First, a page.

Sometimes you just can't find the right clothing to match your personal style and knowing how to cut a shirt comes in handy. Laying out patterns for sewing is not that difficult if you know a few tricks and can purchase just a few things to make the job easier. For instance, pattern weights rest on top of the pattern pieces while you're cutting and save time. No need to take pins to tack the pattern in place on the fabric. Simply put on a weight and cut the pattern piece. There's no need to buy expensive commercial weights. Take a brick, wrap it in aluminum foil and you're ready to go.
Some necessary items to cut a shirt include:
- fabric sheers
- pattern weights
- pattern pieces
- pattern directions
- steam iron, optional
- Pre-wash the fabric. Better to have the fabric shrink before you sew the shirt, rather than after you've done the sewing and made it fit your body. Make sure the fabric is washable. If not, obviously, skip this step. If you're not sure about the washability, take some fibers and a match. If the fiber melts, it's a synthetic and may not be washable. If it burns, it's fiber and probably washable. If you're still unsure, take the fabric to a sewing store or your neighborhood dry cleaners and ask their advice.
- Take out the pattern and look over the direction sheet. The first step in how to cut a shirt involves figuring out your game plan.
- Press pattern pieces. This is optional, but it helps, especially when the pieces come out of the pattern envelope all crunched and folded. If your religion doesn't include anything to do with ironing, use your hands to smooth out pattern pieces and move on. You'll never be selected for a sewing design show, but you can still sew up some quality rags.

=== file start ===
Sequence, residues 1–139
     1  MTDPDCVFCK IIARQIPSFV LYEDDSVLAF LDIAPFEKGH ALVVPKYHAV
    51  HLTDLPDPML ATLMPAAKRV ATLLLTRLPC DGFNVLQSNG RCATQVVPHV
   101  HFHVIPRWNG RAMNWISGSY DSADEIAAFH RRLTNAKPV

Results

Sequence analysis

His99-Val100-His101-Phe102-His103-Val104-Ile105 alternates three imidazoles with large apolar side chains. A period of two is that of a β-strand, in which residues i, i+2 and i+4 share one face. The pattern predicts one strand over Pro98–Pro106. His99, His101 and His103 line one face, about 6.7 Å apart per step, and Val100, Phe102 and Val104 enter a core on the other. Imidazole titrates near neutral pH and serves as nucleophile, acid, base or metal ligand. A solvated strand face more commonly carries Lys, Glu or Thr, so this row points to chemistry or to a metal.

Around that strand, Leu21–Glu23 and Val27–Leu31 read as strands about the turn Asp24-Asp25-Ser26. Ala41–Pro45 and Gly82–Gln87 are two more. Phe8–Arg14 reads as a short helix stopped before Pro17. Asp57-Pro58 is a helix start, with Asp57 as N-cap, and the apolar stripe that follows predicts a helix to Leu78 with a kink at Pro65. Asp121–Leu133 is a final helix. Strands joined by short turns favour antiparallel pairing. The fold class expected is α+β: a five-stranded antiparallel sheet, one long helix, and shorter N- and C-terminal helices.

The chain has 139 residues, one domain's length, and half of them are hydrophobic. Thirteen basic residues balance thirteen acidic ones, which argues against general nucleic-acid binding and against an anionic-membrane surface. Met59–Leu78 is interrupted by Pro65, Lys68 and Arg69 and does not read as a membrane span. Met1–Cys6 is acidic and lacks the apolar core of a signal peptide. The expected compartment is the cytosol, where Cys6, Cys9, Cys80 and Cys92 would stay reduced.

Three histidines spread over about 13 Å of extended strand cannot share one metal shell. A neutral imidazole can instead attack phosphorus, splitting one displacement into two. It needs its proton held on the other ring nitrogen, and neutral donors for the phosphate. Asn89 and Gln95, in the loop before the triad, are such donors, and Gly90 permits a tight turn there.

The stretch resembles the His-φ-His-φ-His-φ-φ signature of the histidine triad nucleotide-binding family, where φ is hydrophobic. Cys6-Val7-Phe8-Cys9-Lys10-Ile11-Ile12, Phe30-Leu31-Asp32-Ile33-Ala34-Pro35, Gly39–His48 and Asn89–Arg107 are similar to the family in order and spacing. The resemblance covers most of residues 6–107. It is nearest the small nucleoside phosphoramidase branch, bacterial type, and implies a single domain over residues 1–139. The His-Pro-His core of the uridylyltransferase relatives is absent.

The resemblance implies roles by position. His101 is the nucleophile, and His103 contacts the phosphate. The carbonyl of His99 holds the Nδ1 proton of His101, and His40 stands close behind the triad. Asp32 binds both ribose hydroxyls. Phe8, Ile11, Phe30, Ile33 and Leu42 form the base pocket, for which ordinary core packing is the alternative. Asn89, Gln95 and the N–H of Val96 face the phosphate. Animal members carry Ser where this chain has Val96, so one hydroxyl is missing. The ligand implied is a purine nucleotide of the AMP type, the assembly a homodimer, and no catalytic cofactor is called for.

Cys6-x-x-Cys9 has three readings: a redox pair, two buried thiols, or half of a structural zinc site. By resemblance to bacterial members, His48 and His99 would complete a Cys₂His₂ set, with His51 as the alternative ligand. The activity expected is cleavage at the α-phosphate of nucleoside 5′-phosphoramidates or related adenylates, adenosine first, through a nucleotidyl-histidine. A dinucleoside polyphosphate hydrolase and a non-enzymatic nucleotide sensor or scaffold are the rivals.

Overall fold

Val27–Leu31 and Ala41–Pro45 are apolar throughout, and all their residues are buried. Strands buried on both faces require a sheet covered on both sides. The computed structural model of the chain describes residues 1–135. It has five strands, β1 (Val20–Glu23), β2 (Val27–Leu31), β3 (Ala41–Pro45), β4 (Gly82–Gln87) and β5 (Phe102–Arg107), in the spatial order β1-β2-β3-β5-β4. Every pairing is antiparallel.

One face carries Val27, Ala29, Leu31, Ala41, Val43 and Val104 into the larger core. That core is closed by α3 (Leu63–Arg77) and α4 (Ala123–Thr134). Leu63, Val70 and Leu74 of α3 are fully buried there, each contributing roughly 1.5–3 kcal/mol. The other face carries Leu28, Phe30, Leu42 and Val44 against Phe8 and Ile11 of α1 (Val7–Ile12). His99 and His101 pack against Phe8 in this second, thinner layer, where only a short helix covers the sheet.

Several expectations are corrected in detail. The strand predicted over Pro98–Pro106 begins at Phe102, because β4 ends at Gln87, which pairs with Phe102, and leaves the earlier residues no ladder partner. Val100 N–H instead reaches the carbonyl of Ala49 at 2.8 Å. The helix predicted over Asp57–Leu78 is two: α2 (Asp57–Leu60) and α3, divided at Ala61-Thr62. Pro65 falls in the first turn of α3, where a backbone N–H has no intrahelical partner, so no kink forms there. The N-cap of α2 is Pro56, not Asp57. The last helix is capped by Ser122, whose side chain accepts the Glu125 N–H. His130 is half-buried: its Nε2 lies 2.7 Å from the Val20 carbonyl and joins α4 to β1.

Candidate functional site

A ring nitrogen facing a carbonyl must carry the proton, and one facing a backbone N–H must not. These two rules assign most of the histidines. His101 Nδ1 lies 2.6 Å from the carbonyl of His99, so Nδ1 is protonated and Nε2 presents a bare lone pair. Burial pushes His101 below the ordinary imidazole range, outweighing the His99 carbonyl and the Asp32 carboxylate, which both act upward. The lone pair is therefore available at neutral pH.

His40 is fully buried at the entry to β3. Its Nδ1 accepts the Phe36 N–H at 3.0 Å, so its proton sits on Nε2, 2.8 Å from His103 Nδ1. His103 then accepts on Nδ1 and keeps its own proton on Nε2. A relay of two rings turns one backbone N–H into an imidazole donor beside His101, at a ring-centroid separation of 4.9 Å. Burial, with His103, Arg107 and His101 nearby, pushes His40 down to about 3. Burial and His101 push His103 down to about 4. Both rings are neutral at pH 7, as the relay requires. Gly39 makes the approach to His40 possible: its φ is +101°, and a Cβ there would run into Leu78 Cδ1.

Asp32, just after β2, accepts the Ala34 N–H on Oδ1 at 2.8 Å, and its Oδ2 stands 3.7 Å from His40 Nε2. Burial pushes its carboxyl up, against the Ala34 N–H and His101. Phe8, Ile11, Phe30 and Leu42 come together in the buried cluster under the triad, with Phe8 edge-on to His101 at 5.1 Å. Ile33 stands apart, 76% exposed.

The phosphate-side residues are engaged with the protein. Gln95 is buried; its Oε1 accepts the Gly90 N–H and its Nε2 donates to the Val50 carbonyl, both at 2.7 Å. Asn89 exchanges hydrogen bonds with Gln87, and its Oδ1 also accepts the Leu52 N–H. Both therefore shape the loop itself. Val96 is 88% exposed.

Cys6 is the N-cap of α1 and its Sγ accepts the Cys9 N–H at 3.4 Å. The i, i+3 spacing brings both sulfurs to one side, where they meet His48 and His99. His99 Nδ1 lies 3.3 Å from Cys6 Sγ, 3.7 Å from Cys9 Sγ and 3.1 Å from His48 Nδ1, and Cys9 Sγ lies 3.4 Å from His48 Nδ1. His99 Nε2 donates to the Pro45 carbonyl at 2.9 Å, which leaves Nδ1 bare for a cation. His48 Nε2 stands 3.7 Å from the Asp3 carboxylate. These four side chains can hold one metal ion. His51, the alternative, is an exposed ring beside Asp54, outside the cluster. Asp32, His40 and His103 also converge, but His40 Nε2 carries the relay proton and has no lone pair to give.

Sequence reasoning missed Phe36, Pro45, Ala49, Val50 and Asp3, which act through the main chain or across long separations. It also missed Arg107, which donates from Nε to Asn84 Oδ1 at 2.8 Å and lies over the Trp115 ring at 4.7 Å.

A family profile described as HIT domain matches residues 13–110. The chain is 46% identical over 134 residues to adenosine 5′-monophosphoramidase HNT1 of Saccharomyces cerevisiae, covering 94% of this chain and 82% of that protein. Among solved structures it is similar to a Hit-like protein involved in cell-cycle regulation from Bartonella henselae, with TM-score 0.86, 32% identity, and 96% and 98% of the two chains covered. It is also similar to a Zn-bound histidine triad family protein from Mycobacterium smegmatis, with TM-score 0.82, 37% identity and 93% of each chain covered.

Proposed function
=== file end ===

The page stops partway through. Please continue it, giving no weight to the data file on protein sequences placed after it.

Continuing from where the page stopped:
- Press your fabric. This is another optional step for the obsessive compulsive, but also for folks who like their shirts to look sharp. If you don't press your fabric, it's not going to ruin your cutting or sewing work, but you may have to juggle a few corners in sewing, if your fabric is extremely wrinkled. The wrinkles make it hard to line up the pattern for the cuts.
- Lay out your fabric. You'll need a large, flat area to put down the fabric to cut. Using a large table top is great because you don't need to do all the work on your knees or siting down. If you're a student, think lab tables.
- Look for any nap or pattern. Nap is a fabric texture and pattern is the design. Image how both will look on the shirt.
- Pin pattern pieces using the diagram on the pattern directions. Pin or use your pattern weights to lay out your pattern pieces in the correct way. Pay careful attention to pattern pieces designed to go upside down on the fabric. Look also for pattern pieces requiring a second cutting to make enough pieces. Think collar or cuff pieces for a long-sleeved shirt.
- Take a break. Do something else before you check your layout work.
- Look again at pattern directions. Make sure that the nap or fabric pattern is working with the flow of your design and that you've put all the pattern pieces in the right places.
- Start cutting. Begin at one side of the fabric and move methodically along with the pieces. If your sheers are dull you may need to sharpen the blades to make smooth cuts in your fabric.
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